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The history of the railroad begins in 1825 in England; however, railroads were soon being built in the United States with the first successful venture carrying goods from Quincy, Massachusetts to Boston in 1827. The New York and Harlem Railroad was the first railroad built in New York State, which affected the Hudson Valley Region in economic, environmental, social and political spheres.
By the early 1850's the Harlem Line had revenues of one million dollars a year and transported nearly three million passengers at a fare of two and a half cents per mile (Drury 54-57, 61).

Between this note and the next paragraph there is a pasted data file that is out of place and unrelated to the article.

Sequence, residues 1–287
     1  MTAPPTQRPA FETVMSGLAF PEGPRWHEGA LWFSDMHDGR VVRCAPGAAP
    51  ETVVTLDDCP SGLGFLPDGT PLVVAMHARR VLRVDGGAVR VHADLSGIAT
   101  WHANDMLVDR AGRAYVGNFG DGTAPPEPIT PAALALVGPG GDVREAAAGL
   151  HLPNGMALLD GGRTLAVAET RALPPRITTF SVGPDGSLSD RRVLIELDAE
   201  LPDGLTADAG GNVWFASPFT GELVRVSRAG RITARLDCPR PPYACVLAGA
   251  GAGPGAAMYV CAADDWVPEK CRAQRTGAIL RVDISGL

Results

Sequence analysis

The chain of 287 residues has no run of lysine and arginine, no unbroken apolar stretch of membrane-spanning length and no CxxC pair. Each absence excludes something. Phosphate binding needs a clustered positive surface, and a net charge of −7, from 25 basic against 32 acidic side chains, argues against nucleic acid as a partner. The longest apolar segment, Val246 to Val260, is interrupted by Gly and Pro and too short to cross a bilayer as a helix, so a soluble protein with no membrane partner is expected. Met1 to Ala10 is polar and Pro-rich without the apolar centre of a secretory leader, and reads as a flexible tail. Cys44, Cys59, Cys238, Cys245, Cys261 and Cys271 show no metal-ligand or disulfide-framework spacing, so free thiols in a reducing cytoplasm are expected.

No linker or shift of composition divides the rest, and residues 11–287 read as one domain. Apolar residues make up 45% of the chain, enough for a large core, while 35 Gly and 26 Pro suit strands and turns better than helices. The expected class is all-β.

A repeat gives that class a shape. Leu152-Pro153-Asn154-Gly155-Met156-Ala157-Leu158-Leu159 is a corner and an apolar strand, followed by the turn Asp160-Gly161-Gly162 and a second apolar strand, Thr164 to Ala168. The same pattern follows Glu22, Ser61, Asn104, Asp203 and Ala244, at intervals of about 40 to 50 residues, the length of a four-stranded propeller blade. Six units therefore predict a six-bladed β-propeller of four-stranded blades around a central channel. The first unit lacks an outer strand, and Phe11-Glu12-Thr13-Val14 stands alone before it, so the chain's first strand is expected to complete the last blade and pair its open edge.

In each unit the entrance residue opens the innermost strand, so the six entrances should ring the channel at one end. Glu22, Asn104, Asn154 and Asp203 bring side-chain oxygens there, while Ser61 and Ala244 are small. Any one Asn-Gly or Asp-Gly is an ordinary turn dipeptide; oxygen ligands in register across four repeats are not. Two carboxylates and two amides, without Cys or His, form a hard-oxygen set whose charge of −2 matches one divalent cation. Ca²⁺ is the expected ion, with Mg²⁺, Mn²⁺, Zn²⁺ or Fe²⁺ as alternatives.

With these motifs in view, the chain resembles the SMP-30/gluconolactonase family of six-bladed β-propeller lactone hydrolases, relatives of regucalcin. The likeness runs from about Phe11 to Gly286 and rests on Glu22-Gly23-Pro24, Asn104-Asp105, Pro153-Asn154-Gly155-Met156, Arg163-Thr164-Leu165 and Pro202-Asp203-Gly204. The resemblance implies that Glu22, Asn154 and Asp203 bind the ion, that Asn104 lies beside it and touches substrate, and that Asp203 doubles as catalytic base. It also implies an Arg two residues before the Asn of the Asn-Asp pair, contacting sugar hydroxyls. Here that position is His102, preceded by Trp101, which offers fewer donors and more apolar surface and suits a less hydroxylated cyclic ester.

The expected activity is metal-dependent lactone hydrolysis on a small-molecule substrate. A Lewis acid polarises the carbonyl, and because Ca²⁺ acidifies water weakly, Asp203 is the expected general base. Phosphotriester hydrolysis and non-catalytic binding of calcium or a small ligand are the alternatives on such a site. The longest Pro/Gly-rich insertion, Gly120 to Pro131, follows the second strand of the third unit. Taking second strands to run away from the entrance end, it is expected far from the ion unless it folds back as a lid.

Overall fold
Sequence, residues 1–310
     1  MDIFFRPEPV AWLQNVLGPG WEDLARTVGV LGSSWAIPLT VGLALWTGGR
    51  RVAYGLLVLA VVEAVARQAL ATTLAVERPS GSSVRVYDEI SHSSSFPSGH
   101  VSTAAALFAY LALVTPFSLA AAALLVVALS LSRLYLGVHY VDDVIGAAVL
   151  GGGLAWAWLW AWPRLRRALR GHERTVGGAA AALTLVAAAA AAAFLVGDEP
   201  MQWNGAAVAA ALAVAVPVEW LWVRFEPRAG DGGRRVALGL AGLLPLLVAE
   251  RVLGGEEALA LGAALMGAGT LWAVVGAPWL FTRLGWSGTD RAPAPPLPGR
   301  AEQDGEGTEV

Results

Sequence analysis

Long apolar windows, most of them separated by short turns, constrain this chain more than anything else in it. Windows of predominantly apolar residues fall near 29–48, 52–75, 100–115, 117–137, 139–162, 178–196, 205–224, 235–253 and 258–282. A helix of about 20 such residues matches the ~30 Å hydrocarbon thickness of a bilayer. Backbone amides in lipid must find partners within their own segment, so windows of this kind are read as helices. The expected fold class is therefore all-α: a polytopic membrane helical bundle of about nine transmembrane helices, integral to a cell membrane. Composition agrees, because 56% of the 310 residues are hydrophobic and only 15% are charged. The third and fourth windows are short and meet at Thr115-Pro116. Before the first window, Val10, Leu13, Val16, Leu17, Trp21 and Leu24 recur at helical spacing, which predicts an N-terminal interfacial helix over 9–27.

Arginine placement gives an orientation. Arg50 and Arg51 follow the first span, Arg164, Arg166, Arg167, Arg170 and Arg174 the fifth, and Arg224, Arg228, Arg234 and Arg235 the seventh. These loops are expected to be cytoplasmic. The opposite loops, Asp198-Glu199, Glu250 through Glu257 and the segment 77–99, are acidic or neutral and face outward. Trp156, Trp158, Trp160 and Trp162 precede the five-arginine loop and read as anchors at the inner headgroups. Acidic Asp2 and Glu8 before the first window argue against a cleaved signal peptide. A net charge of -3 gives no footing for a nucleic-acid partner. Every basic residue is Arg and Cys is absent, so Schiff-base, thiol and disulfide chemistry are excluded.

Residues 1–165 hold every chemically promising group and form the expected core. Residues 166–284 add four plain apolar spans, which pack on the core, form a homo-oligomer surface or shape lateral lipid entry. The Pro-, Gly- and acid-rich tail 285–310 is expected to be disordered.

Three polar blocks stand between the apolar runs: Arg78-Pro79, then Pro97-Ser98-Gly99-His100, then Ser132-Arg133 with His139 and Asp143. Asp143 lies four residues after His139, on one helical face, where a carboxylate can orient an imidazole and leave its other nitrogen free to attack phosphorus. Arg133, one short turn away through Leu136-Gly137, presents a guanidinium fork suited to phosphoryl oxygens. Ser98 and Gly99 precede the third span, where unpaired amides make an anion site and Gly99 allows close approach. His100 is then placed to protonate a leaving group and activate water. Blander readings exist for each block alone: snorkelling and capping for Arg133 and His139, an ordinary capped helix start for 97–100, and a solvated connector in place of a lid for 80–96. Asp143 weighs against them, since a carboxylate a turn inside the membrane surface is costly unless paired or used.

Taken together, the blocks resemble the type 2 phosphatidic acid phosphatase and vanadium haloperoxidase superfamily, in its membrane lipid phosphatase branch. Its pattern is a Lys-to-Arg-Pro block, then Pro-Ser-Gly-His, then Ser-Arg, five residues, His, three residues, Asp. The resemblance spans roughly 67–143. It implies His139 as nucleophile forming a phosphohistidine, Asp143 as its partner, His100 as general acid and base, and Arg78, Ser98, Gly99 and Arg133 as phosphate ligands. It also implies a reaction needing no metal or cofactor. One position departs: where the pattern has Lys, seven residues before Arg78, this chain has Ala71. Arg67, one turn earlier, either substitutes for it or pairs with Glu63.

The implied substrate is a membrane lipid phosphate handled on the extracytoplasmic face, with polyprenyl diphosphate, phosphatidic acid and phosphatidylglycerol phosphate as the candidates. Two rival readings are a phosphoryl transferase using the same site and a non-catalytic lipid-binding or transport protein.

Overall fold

In 1853, the New York Central Railroad was organized to consolidate 10 railroads that paralleled the Erie Canal between Albany and Buffalo. Cornelius Vanderbilt won control of the New York Central in 1867 and combined it with his New York and Hudson railroads running from Manhattan to Albany. The railroad helped boost population and travel to this region. The freight trains carried mainly iron ore, animals, and dairy products. Dairy, lumber, mining, and circus businesses in Putnam County benefited from the new mode of transportation. Trains helped carry heavy material for these businesses including both raw and processed materials. The railroad also dispersed large quantities of material that could not be used locally. Initially, farmers were against the development of the railroad as the train tracks frequently ran through their property. ...